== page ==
After making it out of both houses of the Legislature Wednesday, a bill to a give same-sex couples from other states more legal recognition in Washington has cleared most of the hurdles it needs to get through to become state law.
In a 28-19 vote, the Washington Senate sent House Bill 1649, which would recognize same-sex marriages from other states as domestic partnerships in Washington, on to the governor for approval, and if she signs it, gay rights advocates said would remove a dangerous loophole in legal protections for same-sex couples.
“What this bill did was really address a grave injustice,” said Joshua Friedes, executive director of the gay-rights group Equal Rights Washington. “This is just a wonderful development for Washington.”
He said the reason his group had been supporting this bill was that, although gay and lesbian couples are allowed to register for a domestic partnership in Washington and Washington recognizes domestic partnerships from other states, it does not recognize same-sex marriages.
That can become a problem, said the bill’s sponsor Rep. Laurie Jinkins, because people married in another state who travel to Washington could be prevented from seeing their spouses in the hospital, for instance, if they had a medical emergency.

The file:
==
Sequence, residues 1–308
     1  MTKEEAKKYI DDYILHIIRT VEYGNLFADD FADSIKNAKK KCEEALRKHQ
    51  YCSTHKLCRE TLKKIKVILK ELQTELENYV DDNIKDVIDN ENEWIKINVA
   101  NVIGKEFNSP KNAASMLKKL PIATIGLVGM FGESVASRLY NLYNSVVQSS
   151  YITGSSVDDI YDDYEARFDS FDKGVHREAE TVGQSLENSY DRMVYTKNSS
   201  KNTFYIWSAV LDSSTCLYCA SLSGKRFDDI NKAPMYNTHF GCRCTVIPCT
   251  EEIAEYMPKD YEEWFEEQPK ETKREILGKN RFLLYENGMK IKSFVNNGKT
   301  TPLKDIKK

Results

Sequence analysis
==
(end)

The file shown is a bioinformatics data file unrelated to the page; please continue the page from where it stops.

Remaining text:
Jinkins, a Tacoma Democrat and the first openly lesbian representative to serve in the state Legislature, said this bill would make sure Washington voters got what they had asked for when they approved Referendum 71, a 2009 ballot measure to give domestic partners the same rights and responsibilities as married couples.
“It’s a very straightforward bill; some would even say it’s technical,” said Jinkins. “We’re just recognizing what voters in this state have said they wanted to do.”
The proposal has faces some opposition in the Legislature, however.
Sen. Don Benton, R-Vancouver, voted against the bill in committee and again on the Senate floor, saying Washington gives enough protection to gay and lesbian couples already and it could be dangerous to allow laws passed in other states to take effect in Washington.
“There’s really no need to do this reciprocity because our laws actually are really quite frankly much more liberal than many of the other states involved,” Benton said. “I think it leaves us open in the future in terms of being subjected to whatever any other legislature might pass.”